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Enfield Murder Case In Jury's Hands

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HALIFAX — After three weeks of testimony, 200 pieces of evidence and more than 40 witnesses, the jury will soon decide the fate of a man accused of killing an Enfield police officer.

Attorneys finished their closing arguments Friday in the case against Douglas Elijah Travis.

Travis sat quietly in court as his attorneys put forth a different theory about Lt. Tonya Gillikin's murder. They argue that it was not Travis who shot and killed her in 1999 at a traffic stop but rather her fellow officer, Cedric Robinson, who accidentally fired a shot.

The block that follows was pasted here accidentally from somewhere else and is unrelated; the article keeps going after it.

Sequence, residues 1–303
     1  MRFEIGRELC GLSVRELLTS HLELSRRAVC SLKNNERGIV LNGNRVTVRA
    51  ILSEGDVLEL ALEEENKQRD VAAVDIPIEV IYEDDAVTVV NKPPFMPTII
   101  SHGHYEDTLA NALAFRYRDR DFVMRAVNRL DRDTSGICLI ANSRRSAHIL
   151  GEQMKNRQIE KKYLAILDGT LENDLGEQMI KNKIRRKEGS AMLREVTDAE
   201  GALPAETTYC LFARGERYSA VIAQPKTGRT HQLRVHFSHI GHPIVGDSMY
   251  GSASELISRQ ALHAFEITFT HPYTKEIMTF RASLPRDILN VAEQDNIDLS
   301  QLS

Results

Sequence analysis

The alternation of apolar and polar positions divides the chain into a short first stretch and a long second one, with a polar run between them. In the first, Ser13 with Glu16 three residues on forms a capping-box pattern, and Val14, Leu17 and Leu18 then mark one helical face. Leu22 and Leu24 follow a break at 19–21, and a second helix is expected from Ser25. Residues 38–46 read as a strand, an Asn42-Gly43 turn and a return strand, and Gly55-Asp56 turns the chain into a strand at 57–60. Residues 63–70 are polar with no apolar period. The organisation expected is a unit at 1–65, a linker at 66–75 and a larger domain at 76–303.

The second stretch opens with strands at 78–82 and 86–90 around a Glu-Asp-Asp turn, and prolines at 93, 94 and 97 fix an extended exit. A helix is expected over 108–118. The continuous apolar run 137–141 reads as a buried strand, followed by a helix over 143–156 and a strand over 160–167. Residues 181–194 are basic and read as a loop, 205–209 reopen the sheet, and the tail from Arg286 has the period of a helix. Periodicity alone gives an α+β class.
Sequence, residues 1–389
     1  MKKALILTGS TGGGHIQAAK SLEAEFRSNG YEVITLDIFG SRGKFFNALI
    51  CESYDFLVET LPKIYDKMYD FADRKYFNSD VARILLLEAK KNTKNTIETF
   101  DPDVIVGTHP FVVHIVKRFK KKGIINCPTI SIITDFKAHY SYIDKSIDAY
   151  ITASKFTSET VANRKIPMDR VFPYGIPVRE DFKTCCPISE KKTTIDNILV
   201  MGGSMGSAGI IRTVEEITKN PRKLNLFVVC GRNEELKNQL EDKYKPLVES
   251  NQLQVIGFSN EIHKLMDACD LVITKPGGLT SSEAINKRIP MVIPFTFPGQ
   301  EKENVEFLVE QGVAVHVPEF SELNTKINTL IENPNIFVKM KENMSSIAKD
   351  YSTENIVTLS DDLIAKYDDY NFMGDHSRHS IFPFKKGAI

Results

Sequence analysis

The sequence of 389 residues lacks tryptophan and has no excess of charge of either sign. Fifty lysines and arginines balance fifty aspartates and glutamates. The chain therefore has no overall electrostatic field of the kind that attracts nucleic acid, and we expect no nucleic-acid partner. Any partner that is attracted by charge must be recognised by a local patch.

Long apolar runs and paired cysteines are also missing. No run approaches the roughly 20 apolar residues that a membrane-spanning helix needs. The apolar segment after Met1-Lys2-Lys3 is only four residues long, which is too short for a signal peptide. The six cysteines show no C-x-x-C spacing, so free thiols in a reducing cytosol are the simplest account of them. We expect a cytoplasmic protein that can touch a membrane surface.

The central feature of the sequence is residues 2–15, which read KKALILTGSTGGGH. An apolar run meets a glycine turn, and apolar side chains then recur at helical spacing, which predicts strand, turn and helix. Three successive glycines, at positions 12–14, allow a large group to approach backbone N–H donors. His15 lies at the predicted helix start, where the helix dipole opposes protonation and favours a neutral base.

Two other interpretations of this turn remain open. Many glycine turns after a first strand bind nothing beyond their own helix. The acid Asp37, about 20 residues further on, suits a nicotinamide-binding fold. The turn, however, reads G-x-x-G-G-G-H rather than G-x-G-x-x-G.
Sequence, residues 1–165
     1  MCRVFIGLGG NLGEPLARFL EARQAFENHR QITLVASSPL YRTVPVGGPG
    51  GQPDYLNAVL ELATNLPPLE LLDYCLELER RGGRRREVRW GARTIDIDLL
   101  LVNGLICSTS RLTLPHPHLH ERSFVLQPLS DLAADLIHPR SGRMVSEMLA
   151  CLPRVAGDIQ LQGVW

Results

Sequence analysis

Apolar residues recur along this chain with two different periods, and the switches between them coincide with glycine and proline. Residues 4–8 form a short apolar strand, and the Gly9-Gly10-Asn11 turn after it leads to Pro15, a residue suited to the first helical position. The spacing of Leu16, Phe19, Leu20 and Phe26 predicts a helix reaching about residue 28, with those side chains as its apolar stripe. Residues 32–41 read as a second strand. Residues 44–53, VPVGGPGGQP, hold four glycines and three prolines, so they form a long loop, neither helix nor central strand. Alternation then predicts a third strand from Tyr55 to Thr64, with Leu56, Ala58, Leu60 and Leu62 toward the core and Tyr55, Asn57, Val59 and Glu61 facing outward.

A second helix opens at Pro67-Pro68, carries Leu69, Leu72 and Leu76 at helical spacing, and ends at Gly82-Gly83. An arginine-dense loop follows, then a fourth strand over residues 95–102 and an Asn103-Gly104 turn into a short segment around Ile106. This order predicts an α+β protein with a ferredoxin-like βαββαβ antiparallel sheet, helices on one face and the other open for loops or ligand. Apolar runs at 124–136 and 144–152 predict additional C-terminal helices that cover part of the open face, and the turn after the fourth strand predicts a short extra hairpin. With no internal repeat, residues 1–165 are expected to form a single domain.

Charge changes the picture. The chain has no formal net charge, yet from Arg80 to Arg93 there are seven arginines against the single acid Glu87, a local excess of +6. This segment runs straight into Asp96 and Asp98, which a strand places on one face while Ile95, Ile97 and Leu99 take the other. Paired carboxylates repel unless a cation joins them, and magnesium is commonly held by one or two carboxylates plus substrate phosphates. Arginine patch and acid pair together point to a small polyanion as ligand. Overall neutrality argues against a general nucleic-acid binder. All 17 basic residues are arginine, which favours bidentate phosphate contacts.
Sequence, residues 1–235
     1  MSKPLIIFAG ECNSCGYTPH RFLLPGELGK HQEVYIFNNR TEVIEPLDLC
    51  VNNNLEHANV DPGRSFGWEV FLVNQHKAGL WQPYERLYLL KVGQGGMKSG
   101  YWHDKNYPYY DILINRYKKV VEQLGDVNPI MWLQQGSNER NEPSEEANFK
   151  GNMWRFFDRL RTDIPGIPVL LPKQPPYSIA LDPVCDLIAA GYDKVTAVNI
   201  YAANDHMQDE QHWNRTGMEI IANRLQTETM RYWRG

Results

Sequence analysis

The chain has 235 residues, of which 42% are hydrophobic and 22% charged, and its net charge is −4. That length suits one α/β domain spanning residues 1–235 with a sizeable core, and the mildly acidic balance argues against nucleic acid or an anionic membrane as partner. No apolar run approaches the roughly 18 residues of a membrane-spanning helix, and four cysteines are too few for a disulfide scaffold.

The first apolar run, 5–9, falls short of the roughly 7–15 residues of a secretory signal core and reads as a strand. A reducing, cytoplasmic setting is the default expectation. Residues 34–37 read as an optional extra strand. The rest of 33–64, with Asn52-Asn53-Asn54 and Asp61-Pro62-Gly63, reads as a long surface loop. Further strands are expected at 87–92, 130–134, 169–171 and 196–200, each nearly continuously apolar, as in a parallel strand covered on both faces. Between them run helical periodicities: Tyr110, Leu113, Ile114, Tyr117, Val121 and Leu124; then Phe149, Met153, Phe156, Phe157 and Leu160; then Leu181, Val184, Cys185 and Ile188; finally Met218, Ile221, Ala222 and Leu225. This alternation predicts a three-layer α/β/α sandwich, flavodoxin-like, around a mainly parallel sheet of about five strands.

Defense attorney Tonja Ruffin told the jury that "there is no evidence that has been presented that would satisfy you beyond a reasonable doubt that he is guilty of these offenses."

The prosecution balked at the idea that Robinson shot Gillikin, claiming that Robinson's gun could not have fired the gun because the bullets did not match Robinson's gun.

"It has got to stop," prosecutor Bob Caudle told the jury. "This character assassination of Cedric Robinson has got to stop."

He asked the jury to convict Travis to protect the community. "Every God-fearing, right-thinking law-abiding citizen of this community now looks to you," he said.

The jury has gone home for the weekend and will return Monday to begin deliberations.Reporter/PhotographerBrian Bowman


Julian King, Web Editor

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